A Yellowstone County jury on Wednesday found Richard Covington guilty of three counts of deliberate homicide and all other charges.
Covington, of Billings, was accused of killing three neighbors in 2006.
Jurors reached their verdicts at 1 p.m. after about five hours of deliberation over two days.
“It just shows we were able to put together a very solid case,” said Deputy County Attorney Scott Twito. “We were able to put it together in a way the jury could understand it and process it.”
The 21-day trial spanned six weeks and included 400 exhibits and testimony from more than 60 witnesses.
“This is probably one of the longest trials we’ve had in the county,” said Deputy County Attorney Rod Souza. “We thank the jurors for their service.”
“We hope this brings some closure for the victims’ families,” Souza added.
Covington’s public defenders, Randi Hood and Matthew Wald, declined to comment on the verdicts.
Jurors convicted Covington, 47, of 15 felonies, including the murder counts, two counts of robbery, one count of arson and one count of theft. Several other charges were drug-related.
Covington did not react as a clerk read each of the 15 charges and verdicts. Members of Gerald Morris’ family gasped and cried as the verdicts for the deliberate homicide charges were announced.
Family members were emotional and quickly left the courtroom.
The jury deliberated for about an hour Tuesday after hearing closing arguments from prosecutors and the defense and again for about four hours Wednesday.
Covington was charged with two counts of deliberate homicide in the deaths of Norman Leighton and his female companion, Patti Hubbert, under the felony murder rule. Under that rule, someone commits murder if a death occurs in the course of committing another serious felony. In this case, prosecutors said that Covington kidnapped the victims and that they were held for several days in their apartment before he killed them.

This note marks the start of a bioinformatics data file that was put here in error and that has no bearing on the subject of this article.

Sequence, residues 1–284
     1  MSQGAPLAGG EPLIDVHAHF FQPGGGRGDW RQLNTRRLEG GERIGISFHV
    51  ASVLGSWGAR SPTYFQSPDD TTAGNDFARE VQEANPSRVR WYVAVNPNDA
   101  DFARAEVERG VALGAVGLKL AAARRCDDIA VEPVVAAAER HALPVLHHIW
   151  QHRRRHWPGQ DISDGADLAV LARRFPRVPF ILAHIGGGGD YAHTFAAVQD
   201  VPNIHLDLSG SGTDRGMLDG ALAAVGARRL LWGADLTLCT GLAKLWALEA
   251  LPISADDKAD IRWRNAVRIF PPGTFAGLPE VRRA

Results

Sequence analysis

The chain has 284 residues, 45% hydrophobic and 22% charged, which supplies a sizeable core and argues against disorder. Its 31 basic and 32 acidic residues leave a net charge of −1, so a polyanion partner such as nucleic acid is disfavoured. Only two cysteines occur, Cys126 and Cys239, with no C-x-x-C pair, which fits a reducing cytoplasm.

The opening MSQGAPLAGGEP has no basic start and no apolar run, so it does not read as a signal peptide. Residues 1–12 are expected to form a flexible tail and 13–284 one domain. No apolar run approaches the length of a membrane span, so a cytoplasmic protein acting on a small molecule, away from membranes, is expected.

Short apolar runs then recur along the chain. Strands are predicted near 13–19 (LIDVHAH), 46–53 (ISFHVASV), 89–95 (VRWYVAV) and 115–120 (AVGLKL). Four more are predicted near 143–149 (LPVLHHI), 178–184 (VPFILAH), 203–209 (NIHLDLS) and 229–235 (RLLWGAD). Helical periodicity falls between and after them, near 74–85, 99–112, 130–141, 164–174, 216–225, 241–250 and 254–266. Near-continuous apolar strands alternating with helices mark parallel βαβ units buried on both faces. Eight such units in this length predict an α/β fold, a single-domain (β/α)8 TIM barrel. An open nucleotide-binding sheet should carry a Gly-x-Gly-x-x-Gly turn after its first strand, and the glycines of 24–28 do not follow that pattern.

Covington also was charged with killing Gerald Morris, whose body was found off Blue Creek Road with a gunshot wound in the back on Oct. 4, 2006.
Attorneys in the case spent much of the last day of trial before District Judge G. Todd Baugh spelling out in detail their competing theories of Covington’s guilt or innocence. Covington sat quietly throughout the presentations, as he did through the entire trial.
Souza began by spending two hours laying out for jurors what he said was the circumstantial evidence pointing to Covington’s guilt. From a single dog hair found on a rag stuffed in one victim’s mouth to Covington’s own words and actions about the crimes, Souza said, the evidence proves Covington’s guilt.
“There is no one else,” Souza said at the end of his closing argument. “He is the killer, and all that circumstantial evidence, it ties him, it binds him to his awful crimes,” the prosecutor said.
Hood, the state’s chief public defender, countered that prosecutors had failed to prove many of the crimes beyond a reasonable doubt, and she urged jurors to carefully review each charge before making a decision.
The bodies of Leighton and Hubbert were found in their South Side apartment on Sept. 22, 2006, after emergency personnel responded to a fire.
Prosecutors said Covington started the fire to cover up the robbery and slaying of the couple, who were found bound with duct tape, telephone cord and metal coat hangers.
Prosecutors argued that Covington later shot Morris to death with a .44-caliber Magnum revolver stolen from Leighton because Morris “saw something or knew something.”
Jurors convicted Covington of a weapons enhancement charge in connection with Morris’ death.
All three victims lived in the same cluster of small apartments on South 28th Street, where Covington also lived with his wife and young son.
During his closing argument, Souza described Covington as a “smart and sophisticated” predator who knew his victims well. Covington was motivated to commit the crimes, Souza said, because he knew the couple kept large amounts of cash.
Although there are no witnesses to the murders, Souza said, the results of a two-year investigation clearly pointed to Covington’s guilt. He urged jurors not to “give him a walk because he’s smart enough to make sure there are no witnesses.”
Souza also recounted the testimony of the numerous trial witnesses, including the experts in various fields such as forensic entomology and DNA.
But Covington’s own words, Souza said, were among the most damaging evidence of guilt. Souza reminded the jury of a witness who said Covington didn’t deny killing the victims shortly after the murders, saying he would only get caught if the police did a better job of investigating the crimes than he had done at concealing them.
“We caught him,” Souza said. “We caught him.”
Prosecutors charged Covington while he was in jail for a 2007 armed robbery that took place in a downtown parking garage. He pleaded guilty to that crime and was sentenced to 40 years in prison.
He faces life in prison for the homicides and related crimes. Baugh did not set a sentencing date.